Table of Contents
International Journal of Evolutionary Biology
Volume 2014 (2014), Article ID 475981, 7 pages
Review Article

DNA Methylation, Epigenetics, and Evolution in Vertebrates: Facts and Challenges

Laboratory of Molecular Evolution, Stazione Zoologica Anton Dohrn, 80121 Naples, Italy

Received 31 July 2013; Revised 11 November 2013; Accepted 23 November 2013; Published 16 January 2014

Academic Editor: Y. Satta

Copyright © 2014 Annalisa Varriale. This is an open access article distributed under the Creative Commons Attribution License, which permits unrestricted use, distribution, and reproduction in any medium, provided the original work is properly cited.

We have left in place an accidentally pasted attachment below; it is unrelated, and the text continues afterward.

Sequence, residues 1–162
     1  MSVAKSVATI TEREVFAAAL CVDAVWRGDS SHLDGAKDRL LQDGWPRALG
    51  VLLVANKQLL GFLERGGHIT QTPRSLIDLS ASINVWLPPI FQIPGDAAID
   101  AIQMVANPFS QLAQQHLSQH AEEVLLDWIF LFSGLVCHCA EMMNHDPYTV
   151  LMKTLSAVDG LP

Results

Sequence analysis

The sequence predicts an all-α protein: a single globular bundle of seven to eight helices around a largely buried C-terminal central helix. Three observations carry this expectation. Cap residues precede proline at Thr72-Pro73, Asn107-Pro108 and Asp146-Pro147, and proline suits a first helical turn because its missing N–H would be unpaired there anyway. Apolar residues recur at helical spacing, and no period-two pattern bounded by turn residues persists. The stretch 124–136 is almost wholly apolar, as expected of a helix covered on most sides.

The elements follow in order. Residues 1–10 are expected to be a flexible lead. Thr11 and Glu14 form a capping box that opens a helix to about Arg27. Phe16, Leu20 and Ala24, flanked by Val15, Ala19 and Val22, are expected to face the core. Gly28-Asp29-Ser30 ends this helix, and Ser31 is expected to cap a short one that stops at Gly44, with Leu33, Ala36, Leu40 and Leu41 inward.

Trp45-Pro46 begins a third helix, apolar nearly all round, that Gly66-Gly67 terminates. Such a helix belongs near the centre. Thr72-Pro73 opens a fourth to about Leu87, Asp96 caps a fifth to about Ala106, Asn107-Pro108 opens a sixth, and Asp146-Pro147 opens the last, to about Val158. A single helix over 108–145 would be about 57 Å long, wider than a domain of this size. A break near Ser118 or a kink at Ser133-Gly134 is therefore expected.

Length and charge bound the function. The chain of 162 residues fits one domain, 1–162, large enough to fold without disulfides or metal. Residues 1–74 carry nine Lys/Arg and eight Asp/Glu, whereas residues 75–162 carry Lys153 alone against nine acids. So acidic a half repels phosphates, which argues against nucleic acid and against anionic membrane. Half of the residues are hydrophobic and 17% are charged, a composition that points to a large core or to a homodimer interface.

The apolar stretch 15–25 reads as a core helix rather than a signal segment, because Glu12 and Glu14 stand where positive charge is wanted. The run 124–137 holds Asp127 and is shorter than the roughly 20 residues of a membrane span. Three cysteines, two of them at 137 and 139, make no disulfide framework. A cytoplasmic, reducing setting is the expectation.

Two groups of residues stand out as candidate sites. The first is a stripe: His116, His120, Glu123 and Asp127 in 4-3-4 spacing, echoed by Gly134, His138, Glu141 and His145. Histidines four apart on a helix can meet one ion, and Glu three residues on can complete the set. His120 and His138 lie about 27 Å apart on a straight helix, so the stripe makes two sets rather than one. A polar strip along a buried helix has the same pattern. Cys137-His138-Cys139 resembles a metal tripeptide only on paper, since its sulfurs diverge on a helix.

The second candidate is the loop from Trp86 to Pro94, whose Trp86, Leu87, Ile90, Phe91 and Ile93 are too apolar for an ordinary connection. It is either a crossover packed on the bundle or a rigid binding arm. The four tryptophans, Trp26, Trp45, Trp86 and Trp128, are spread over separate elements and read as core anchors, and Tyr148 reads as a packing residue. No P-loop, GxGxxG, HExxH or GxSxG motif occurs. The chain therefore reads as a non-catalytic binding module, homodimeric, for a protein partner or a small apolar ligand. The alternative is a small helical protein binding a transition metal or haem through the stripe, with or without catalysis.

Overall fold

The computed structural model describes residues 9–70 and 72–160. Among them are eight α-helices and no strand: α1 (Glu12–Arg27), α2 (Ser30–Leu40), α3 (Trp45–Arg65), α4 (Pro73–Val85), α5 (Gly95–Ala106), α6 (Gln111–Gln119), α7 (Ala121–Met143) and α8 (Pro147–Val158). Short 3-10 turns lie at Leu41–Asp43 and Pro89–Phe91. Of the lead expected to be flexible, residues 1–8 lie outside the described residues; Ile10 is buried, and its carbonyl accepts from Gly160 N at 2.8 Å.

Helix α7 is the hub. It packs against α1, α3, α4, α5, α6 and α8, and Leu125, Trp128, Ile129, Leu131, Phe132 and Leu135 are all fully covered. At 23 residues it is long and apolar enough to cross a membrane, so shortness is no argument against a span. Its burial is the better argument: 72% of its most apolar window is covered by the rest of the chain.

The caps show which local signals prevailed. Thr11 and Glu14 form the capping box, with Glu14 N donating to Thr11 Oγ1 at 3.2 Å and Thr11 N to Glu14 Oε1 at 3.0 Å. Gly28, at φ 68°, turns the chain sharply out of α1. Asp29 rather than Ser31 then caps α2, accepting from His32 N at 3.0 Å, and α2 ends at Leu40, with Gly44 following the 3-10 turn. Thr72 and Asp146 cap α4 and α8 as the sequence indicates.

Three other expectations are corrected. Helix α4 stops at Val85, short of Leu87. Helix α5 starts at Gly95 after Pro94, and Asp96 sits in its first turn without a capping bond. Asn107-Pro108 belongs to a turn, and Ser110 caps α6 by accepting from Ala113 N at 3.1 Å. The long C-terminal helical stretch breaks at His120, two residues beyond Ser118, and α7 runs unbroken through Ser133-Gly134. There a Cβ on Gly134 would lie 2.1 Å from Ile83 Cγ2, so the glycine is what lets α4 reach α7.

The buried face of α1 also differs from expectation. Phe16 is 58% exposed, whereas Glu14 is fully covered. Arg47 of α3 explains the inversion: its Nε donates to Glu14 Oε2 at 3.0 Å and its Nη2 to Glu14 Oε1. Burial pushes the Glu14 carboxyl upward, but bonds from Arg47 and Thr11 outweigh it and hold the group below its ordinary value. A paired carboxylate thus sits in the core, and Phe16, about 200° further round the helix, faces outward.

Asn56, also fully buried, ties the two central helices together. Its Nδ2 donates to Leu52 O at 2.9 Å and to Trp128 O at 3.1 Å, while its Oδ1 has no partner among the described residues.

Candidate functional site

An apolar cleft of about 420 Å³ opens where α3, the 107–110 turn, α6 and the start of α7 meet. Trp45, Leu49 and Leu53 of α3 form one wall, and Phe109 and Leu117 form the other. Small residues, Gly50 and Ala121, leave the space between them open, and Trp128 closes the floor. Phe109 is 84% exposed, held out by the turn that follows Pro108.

DNA methylation is a key epigenetic modification in the vertebrate genomes known to be involved in biological processes such as regulation of gene expression, DNA structure and control of transposable elements. Despite increasing knowledge about DNA methylation, we still lack a complete understanding of its specific functions and correlation with environment and gene expression in diverse organisms. To understand how global DNA methylation levels changed under environmental influence during vertebrate evolution, we analyzed its distribution pattern along the whole genome in mammals, reptiles and fishes showing that it is correlated with temperature, independently on phylogenetic inheritance. Other studies in mammals and plants have evidenced that environmental stimuli can promote epigenetic changes that, in turn, might generate localized changes in DNA sequence resulting in phenotypic effects. All these observations suggest that environment can affect the epigenome of vertebrates by generating hugely different methylation patterns that could, possibly, reflect in phenotypic differences. We are at the first steps towards the understanding of mechanisms that underlie the role of environment in molding the entire genome over evolutionary times. The next challenge will be to map similarities and differences of DNA methylation in vertebrates and to associate them with environmental adaptation and evolution.